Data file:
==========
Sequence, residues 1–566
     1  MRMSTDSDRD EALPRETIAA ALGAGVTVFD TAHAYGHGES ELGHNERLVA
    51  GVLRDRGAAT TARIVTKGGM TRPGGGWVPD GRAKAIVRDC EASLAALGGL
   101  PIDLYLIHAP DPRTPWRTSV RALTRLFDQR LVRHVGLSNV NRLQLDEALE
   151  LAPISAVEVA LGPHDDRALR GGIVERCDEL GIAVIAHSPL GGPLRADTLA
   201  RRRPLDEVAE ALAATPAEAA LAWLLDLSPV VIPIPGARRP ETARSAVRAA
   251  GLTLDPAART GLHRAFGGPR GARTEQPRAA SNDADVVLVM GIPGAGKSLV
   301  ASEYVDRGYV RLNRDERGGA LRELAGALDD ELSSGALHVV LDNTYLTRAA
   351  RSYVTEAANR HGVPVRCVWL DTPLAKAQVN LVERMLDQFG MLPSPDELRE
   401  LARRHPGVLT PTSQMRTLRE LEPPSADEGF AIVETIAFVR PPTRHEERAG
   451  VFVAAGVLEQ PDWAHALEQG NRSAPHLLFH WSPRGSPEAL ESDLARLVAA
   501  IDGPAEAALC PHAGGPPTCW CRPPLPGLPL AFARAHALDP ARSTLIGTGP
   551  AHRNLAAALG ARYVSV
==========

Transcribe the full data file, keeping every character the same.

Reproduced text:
Sequence, residues 1–566
     1  MRMSTDSDRD EALPRETIAA ALGAGVTVFD TAHAYGHGES ELGHNERLVA
    51  GVLRDRGAAT TARIVTKGGM TRPGGGWVPD GRAKAIVRDC EASLAALGGL
   101  PIDLYLIHAP DPRTPWRTSV RALTRLFDQR LVRHVGLSNV NRLQLDEALE
   151  LAPISAVEVA LGPHDDRALR GGIVERCDEL GIAVIAHSPL GGPLRADTLA
   201  RRRPLDEVAE ALAATPAEAA LAWLLDLSPV VIPIPGARRP ETARSAVRAA
   251  GLTLDPAART GLHRAFGGPR GARTEQPRAA SNDADVVLVM GIPGAGKSLV
   301  ASEYVDRGYV RLNRDERGGA LRELAGALDD ELSSGALHVV LDNTYLTRAA
   351  RSYVTEAANR HGVPVRCVWL DTPLAKAQVN LVERMLDQFG MLPSPDELRE
   401  LARRHPGVLT PTSQMRTLRE LEPPSADEGF AIVETIAFVR PPTRHEERAG
   451  VFVAAGVLEQ PDWAHALEQG NRSAPHLLFH WSPRGSPEAL ESDLARLVAA
   501  IDGPAEAALC PHAGGPPTCW CRPPLPGLPL AFARAHALDP ARSTLIGTGP
   551  AHRNLAAALG ARYVSV